the sound of your voice that I keep within my mind,
       the days of September rising in my dreams,
       give shape and color to my words, my sentences,
       whatever theme I touch, whatever thought I utter.

       Constantine Cavafy wrote at precisely
       the right time, in precisely the right
       dialect to be ignored, in precisely
       the most advantageously unregulated in-
       stant in the history of a chronically
       despotic kingdom, to coincide with the
       Class at my university, who gave their
       gift of the dormitory of my final three
       years there. Everyone knew where we were,
       and might have read Greek with his trans-
       lator. The poetry already'd become ours.

       Who, but the poet, lets go of his time?



C.P. Cavafy
Collected Poems
  December, 1903
George Savidis
Edmund Keeley and
  Philip Sherrard
Princeton University Press, 1975©

Class of 1903 Hall

Tuesday, April 25, 2017

Rules for the duration

Guardedly, we resume the gentle game,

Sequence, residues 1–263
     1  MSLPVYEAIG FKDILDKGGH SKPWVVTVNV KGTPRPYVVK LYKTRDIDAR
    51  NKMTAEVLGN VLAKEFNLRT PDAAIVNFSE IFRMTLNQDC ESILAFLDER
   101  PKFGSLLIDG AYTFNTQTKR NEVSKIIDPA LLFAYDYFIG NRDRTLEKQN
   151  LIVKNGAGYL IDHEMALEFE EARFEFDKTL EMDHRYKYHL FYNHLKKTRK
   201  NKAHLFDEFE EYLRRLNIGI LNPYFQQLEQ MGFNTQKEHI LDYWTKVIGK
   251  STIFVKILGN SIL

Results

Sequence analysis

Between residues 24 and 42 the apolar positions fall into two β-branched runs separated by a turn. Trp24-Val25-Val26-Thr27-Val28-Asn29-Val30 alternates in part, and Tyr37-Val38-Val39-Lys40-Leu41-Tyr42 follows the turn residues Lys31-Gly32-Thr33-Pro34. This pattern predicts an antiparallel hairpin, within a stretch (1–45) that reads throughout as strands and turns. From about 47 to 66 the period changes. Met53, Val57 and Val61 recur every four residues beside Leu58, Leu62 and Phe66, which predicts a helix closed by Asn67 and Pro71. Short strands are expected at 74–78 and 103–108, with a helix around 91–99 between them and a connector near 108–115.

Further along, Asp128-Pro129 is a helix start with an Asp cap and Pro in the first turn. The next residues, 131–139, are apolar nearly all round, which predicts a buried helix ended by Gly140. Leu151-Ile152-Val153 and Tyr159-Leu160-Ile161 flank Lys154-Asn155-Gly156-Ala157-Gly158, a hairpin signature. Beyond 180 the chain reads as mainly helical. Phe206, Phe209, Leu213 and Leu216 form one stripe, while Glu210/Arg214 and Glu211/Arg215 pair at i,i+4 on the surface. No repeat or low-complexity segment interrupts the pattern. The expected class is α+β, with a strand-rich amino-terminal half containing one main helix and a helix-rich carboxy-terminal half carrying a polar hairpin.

despite the ill repute to which it's
plummeted of late, in the question-
able company it's been keeping at Mar-
a-Lago. Yet even warfare, we note, is
not immune from vulgarizing bounders,
of which we are teased to expect more,
any time the spirit moves the tiny fin-
gers of fate to rend another butterfly.
As we wait, we study rules of precedent.

Likeliest by far, needless to say,
is the occasion invoked by Article
5, which is such a daily feature of
morbidly fitful TV mood swings, 
as to give substance abuse a good 
name. Perpetually petulant moving of
the ball has taken on that antic
unpredictability associated with an
infant's swatting of a toy suspend-
ed over his crib, so that to speak 
ever of defining the lie has become 
purely conditional. We are expected,
it seems, to become so bored by this
behavior, as no longer to notice it.

But the macabre has its moments, as
in trekking through a fog of buoyant
munitions, fleeing natural light. It
is, after all, only for the duration.


Childe Hassam

Sunday, April 23, 2017

Full of hope this day for France

Pablo Picasso